Tuesday, March 2, 2010

Don’t Undervalue Overdo

© 2010 by Joyce Mason
All Rights Reserved

Excess. We all indulge, whether it’s too much make-up, food, drink, drugs or passion. (I have spared you the gross visuals on the other overdo’s. Dripping lipstick is ewww enough!)

In the past few years, I have become intimately acquainted with Too Much in my life. I eat too much; I write too much; I am at the computer too much; and I give too much. To reel me back to reality now and then, I designed a bracelet that says “Enough” in alphabet beads.

I will be the first person to admit; I’m compulsive. It goes with being very mental. If it’s stuck in my head and it’s an idea that intrigues me or a behavior that tickles the senses, it triggers my to-do button, often till it’s stuck on Can’t Stop. Not always, but probably too often. I’m grateful I don’t fall prey to some of the excesses that can lead to addiction, such as alcohol or drugs. I don’t like “substances,” but I sure like food, coffee, and some of the other feel-goodies.

When You Can’t Stop

I’m not sure I know the difference between a compulsion and addiction, but my intuitive take is that a compulsion is a habit that can be turned around with a little work. If someone threw a bucket of cold water on me or I activated some other mechanism to wake me up out of the rut, I would stop. I do stop for considerable periods. But I often start again. Food is the hardest because you can’t completely abstain from it, and I am the daughter of a gourmand with a very refined palette that wants quality yummies!

I feel good in the groove of my compulsions. Compulsions are knee-jerk. On the other hand, it appears that addictions rarely can be stopped without the major intervention of therapy and/or a 12-Step program.

For the dictionary.com differences, here are the definitions compulsion and addiction. The key distinction is that a compulsion is something irresistible and contrary to your will. An addiction is defined more strongly as enslavement with components that are psychological or physiological—and the cessation of the behavior causes severe trauma.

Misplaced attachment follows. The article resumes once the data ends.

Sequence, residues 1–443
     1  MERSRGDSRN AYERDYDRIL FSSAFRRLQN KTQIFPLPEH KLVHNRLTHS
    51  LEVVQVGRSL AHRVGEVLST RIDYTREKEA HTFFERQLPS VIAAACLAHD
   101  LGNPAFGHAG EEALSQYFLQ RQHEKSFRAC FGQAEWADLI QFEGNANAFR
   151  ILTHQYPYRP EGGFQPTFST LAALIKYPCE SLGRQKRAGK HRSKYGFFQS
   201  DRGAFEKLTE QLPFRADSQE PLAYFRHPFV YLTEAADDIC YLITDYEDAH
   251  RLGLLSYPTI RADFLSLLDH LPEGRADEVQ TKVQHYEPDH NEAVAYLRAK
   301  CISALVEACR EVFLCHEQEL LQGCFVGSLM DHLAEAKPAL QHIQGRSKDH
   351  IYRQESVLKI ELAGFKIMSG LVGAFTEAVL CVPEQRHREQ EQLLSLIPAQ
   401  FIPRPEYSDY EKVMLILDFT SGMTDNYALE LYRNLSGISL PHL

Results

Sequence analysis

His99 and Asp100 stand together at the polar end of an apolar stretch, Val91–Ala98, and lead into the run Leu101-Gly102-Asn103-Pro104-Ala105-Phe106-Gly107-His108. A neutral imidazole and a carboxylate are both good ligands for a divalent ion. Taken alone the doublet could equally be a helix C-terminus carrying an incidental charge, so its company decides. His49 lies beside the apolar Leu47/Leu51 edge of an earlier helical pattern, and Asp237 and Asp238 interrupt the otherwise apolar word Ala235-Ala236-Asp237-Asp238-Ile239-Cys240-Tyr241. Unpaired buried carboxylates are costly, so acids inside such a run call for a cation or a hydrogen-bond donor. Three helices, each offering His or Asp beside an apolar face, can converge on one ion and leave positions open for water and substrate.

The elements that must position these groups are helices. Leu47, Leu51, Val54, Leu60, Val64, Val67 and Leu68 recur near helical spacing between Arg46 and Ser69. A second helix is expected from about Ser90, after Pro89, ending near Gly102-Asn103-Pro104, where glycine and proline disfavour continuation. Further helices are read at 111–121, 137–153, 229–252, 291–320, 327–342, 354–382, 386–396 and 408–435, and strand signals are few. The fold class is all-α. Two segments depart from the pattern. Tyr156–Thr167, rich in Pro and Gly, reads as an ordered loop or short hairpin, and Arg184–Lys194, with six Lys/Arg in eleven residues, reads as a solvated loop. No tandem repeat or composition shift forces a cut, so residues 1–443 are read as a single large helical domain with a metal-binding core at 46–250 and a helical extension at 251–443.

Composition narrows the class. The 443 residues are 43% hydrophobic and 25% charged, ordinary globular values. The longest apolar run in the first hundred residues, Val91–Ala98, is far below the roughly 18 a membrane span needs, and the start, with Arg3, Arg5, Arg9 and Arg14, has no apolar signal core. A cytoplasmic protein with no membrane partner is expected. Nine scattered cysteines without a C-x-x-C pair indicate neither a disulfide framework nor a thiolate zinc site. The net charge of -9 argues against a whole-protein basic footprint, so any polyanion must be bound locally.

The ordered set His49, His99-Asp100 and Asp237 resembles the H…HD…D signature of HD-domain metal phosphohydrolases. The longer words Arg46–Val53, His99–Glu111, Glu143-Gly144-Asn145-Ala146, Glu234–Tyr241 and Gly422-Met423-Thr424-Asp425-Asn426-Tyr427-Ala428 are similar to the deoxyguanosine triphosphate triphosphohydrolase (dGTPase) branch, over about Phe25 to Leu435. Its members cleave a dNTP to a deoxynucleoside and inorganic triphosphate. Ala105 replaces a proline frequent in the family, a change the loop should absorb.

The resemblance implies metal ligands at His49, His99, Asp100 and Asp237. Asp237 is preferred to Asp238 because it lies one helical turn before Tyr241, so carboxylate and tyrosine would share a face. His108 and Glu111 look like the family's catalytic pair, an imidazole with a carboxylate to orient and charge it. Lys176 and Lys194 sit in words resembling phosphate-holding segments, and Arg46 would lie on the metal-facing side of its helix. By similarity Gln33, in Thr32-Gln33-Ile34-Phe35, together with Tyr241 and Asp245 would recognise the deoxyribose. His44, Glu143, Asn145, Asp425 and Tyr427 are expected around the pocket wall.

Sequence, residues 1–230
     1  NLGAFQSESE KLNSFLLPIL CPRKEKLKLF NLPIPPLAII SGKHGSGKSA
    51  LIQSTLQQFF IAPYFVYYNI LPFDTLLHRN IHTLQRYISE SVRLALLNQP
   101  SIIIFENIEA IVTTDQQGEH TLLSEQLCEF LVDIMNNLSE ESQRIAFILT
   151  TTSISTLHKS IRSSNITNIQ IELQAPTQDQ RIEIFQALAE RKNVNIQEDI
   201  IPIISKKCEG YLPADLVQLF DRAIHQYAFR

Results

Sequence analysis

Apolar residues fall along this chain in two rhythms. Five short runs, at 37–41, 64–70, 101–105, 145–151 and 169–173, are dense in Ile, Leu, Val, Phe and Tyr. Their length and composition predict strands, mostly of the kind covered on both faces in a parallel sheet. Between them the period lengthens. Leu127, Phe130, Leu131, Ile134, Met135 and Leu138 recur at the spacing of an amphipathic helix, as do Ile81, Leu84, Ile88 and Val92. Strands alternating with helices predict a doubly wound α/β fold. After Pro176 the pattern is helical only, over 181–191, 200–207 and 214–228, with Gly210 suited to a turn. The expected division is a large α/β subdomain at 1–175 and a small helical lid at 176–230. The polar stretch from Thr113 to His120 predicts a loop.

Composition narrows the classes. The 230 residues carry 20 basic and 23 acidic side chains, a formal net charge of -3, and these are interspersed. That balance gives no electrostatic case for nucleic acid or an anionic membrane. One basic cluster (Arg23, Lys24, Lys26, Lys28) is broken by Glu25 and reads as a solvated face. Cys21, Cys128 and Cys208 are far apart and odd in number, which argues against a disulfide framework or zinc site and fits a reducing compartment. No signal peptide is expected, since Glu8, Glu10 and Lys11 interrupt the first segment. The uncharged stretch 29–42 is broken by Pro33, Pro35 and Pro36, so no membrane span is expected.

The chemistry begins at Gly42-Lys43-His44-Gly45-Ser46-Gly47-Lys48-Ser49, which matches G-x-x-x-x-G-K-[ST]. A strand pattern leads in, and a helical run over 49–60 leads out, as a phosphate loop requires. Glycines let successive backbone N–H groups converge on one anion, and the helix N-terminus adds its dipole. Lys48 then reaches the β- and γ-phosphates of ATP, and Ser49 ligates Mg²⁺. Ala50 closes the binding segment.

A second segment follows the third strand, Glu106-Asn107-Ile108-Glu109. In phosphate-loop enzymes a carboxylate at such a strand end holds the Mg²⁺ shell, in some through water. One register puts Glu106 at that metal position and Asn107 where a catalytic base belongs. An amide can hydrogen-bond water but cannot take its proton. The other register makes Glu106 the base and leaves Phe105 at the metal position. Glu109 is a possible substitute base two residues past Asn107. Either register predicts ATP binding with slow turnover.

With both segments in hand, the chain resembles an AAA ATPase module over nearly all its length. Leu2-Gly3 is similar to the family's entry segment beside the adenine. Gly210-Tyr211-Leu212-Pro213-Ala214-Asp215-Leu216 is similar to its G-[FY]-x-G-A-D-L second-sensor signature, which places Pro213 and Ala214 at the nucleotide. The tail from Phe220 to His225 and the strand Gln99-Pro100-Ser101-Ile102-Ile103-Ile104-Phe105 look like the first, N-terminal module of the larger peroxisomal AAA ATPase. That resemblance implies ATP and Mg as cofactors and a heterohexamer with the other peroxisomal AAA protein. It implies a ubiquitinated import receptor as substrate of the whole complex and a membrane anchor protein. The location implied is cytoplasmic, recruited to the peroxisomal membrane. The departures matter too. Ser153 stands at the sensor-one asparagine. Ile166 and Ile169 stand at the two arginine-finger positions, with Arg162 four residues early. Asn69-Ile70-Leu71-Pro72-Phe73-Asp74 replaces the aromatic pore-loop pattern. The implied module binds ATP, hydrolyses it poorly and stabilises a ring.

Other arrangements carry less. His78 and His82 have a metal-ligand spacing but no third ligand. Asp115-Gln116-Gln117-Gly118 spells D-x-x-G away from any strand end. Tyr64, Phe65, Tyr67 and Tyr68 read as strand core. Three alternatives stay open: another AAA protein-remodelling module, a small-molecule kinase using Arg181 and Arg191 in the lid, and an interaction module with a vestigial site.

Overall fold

Garden Variety Overdo—A Gift

What I want to talk about today is what I call garden-variety overdo or the occasional binge. I am not addressing true addiction because of its severity, and because I'm not qualified to do so. (If you suspect you have an addiction, please get help. A good place to start is with your doctor or any of the “Anonymous” programs: Alcoholics Anonymous, Narcotics Anonymous, Overeaters Anonymous, or Sex Addicts Anonymous.)

For those of us who binge periodically but don’t suffer serious withdrawal consequences when we quit, I think a binge is one of nature’s most precious gifts of biofeedback.

How terrible do you feel after you eat or drink too much? Or have too much sex? At minimum, nauseous, hung-over, and possibly sore. This is the body’s way of telling you that excess is not a great idea. You got it out of your system, but there’s enough feel-bad in the aftermath, you’re not going to do the same thing tomorrow night, if you’ve got any sense.